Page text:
TV Eye

More Emmy Angst

Give these gals an Emmy!:  The cast of WB's <i>Gilmore Girls</i>
Give these gals an Emmy!: The cast of WB's Gilmore Girls

Last week's "TV Eye" focused on the snub of Buffy the Vampire Slayer by the Academy of Television Arts & Sciences in this year's Emmy Award nominations. I said so much on that topic, I neglected to make note of some of the other egregious omissions by the Academy. Here's the list of supporting players who deserved a little Emmy support:

Gilmore Girls: This slightly off-kilter, mother-daughter "dramedy" brightened the WB lineup last year. Although caught in the ratings crossfire between Friends (NBC) and Survivor (CBS), it has managed to hang on for a second season and will take over the vacated BTVS slot this coming fall season. Lauren Graham (Lorelai Gilmore) was nominated for a Golden Globe last year and is certainly deserving of recognition, but the unsung player of this show is Kelly Bishop. As Emily Gilmore, Bishop keeps GG from melting into what could otherwise be a syrupy confection. Her emotionally manicured Emily is the perfect balance to Graham's loopy Lorelai and bookish granddaughter Rory (Alexis Bledel).

Other notable supporting players: J. August Richards as Charles Gunn and Andy Hallett as Lorne, both of Angel (WB). Given my soap-box speech about BTVS last week, it probably goes without saying that I think James Marsters as Spike and Alyson Hannigan as Willow both deserve supporting actor nominations from Emmy. They didn't get it. So much for recognizing character development and BTVS's successful treading of the line between drama and comedy.

The Screen Actors Guild gives ensemble awards (Emmy does not), and the category makes all the sense in the world. When there are several actors from the same show nominated in one category, it says something about the nature of a show, mainly that it is the sum of its parts. Of the five Emmy nominees for Supporting Actor in a Drama Series, three of the nominees are from The West Wing: Bradley Whitford, John Spencer, and Richard Schiff. All of these actors do fine work, but what would Josh Lyman be without Toby Ziegler, or Toby without C.J. Cregg (Allison Janney), or C.J. without ... you get the idea. It's impossible to split the performances apart in shows like The West Wing, so why not dispense with the hair-splitting and recognize the show for what it is: one of the strongest ensembles on television.

Other notable ensembles: the townsfolk of Gilmore Girls. What would GG be without lusty dance teacher Miss Patty (Liz Torres), cranky coffeeshop owner Luke (Scott Patterson), or eccentric cat lover Babette Dell (Sally Struthers)? The eclectic townsfolk of GG are like a New England version of Northern Exposure.

The ensemble of amazing young actors of Once and Again (ABC) is just as impressive. Heralded by TV Guide as "the best show you're not watching," Once and Again only mustered one major Emmy nomination -- a repeat nod to Sela Ward as Best Actress for her role as Lily Manning. (She won last year.) While I believe Ward and co-star Billy Campbell are fine as the now-newlywed couple, I find myself more impressed by the extraordinarily nuanced work by the young people of the cast. Evan Rachel Wood's work as Jesse Sammler, a pre-teen with anorexia, provided a surprisingly nuanced performance any actor -- young or old -- would be happy to call her own. Her young castmates, particularly Julia Whelen and Shane West, also provide consistently outstanding performances. Hmm ... how about we skip the adults and have a spinoff show featuring just the young people?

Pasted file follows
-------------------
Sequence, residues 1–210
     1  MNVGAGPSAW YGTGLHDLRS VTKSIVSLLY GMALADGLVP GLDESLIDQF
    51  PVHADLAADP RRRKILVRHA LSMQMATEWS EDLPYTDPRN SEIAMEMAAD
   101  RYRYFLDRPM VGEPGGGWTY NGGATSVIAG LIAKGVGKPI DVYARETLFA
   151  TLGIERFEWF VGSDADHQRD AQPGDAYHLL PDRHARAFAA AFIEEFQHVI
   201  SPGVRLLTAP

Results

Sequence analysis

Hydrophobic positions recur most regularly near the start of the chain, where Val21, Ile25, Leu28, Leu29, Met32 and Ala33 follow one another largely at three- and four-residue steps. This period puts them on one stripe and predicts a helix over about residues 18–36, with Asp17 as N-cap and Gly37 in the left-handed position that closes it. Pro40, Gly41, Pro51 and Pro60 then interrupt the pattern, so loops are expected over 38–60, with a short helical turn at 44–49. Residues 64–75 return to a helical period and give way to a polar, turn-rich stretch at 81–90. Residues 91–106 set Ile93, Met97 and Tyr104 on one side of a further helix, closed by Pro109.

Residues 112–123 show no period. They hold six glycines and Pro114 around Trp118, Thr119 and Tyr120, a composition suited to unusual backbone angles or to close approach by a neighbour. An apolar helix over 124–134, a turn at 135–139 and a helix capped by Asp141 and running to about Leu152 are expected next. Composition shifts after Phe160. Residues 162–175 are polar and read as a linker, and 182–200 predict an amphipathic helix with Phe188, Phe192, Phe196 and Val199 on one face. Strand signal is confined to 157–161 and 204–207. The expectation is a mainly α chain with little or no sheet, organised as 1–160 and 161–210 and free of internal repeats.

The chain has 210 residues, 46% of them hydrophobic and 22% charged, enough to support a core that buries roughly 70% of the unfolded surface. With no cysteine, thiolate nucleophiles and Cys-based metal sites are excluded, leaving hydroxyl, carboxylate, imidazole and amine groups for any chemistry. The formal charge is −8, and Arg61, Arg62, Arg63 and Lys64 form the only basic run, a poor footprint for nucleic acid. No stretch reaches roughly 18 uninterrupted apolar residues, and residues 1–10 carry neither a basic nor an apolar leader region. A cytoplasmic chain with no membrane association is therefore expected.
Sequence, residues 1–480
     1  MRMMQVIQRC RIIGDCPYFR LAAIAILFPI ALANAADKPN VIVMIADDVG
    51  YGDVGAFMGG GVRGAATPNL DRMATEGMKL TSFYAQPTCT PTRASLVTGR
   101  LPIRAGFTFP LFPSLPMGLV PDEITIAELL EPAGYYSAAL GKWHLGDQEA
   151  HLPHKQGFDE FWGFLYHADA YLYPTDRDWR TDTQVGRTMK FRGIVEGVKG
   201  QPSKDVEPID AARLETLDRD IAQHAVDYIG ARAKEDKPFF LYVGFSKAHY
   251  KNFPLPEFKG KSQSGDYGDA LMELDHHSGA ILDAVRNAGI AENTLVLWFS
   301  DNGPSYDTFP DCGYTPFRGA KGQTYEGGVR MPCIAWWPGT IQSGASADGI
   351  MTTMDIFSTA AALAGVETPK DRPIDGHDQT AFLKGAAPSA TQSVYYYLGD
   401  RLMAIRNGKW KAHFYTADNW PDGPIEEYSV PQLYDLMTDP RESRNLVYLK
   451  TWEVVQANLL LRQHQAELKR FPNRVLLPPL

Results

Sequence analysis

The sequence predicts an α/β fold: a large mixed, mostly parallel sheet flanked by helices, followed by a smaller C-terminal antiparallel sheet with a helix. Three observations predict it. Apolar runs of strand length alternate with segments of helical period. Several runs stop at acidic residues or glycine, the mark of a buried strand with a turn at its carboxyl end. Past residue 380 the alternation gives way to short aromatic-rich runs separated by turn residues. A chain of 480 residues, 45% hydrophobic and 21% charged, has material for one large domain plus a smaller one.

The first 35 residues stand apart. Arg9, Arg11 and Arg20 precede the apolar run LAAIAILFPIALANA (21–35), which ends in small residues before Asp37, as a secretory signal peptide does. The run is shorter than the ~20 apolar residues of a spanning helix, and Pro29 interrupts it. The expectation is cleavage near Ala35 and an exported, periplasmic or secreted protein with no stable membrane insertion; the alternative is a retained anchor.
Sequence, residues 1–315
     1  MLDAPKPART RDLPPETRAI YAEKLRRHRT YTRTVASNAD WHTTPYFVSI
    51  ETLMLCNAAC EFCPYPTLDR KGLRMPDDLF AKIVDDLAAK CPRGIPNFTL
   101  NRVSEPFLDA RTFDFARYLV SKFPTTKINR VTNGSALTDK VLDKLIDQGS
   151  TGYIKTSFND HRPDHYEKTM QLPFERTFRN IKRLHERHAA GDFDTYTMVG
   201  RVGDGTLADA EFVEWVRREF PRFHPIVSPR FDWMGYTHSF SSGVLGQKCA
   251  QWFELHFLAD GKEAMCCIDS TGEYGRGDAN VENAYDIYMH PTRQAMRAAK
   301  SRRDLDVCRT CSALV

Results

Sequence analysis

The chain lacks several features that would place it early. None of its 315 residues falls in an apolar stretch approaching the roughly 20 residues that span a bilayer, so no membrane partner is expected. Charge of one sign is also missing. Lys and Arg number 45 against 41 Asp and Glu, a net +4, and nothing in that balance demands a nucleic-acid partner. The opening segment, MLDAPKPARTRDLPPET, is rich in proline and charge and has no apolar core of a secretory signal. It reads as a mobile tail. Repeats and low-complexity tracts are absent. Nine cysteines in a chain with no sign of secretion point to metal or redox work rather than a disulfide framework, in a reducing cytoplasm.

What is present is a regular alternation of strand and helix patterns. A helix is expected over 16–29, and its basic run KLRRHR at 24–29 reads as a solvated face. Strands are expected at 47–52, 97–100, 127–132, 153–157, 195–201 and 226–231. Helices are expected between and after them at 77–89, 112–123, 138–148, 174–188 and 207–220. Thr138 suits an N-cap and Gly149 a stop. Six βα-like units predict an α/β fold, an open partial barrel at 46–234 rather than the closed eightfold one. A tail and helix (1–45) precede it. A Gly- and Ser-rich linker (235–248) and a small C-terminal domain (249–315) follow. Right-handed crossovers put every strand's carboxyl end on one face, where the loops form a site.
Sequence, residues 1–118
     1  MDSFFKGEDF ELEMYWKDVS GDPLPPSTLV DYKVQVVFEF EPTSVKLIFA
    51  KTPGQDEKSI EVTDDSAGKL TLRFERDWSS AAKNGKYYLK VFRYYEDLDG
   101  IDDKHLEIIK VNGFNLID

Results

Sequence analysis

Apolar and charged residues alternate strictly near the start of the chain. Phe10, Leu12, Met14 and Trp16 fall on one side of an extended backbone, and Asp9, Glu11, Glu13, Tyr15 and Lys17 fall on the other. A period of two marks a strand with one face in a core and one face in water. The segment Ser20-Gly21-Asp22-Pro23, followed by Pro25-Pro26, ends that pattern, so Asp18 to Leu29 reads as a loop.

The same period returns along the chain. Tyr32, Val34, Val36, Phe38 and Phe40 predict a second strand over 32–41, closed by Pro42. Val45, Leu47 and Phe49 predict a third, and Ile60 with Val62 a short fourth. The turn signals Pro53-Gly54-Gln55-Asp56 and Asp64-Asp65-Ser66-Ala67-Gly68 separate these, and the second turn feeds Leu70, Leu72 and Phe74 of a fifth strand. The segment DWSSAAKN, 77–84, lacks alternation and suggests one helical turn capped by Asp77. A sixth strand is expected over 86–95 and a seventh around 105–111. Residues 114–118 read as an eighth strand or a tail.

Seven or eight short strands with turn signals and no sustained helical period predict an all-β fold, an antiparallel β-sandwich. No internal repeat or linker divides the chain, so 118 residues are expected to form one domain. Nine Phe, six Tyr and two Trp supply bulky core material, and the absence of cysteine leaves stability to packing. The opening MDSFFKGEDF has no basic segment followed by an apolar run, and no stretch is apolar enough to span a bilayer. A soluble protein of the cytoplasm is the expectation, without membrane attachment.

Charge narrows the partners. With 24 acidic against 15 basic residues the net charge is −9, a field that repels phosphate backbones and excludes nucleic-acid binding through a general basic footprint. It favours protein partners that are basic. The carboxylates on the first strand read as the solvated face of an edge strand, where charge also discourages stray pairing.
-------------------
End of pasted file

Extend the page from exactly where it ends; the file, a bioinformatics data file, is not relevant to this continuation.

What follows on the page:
Local Flavor

High-profile award shows take on more meaning when local folks get the spotlight shone on them. Nominated for an Emmy for Outstanding Animated Program (less than an hour) are Mike Judge and Greg Daniels' King of the Hill (Fox). The 'toon with a Texas twang faces stiff competition from Futurama (Fox), The Simpsons (Fox), The Powerpuff Girls (Cartoon Network), and As Told by Ginger (Nickelodeon).

UT professor and filmmaker and collaborator Paul Stekler and Daniel McCabe found out last week that their film, George Wallace: Settin' the Woods on Fire, was nominated in two categories by the National Academy of Television Arts & Sciences News and Documentary Emmy Awards. Stekler, McCabe, and Steve Fayer received a nomination for Outstanding Individual Achievement in Writing. Nominated with Stekler and McCabe for Outstanding Individual Achievement in Research are coordinating producer Sandra Guardado and associate producer Matt McClung.

E-mail Belinda Acosta at tveye@austinchronicle.com

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KEYWORDS FOR THIS STORY

Academy of Television Arts & Sciences, Emmy, The Gilmore Girls, The West Wing, Angel, Buffy the Vampire Slayer, Once and Again, Mike Judge, Greg Daniels, King of the Hill, Paul Stekler, Daniel McCabe, Steve Fayer, Sandra Guardado, Matt McClung, George Wallace: Settin' t

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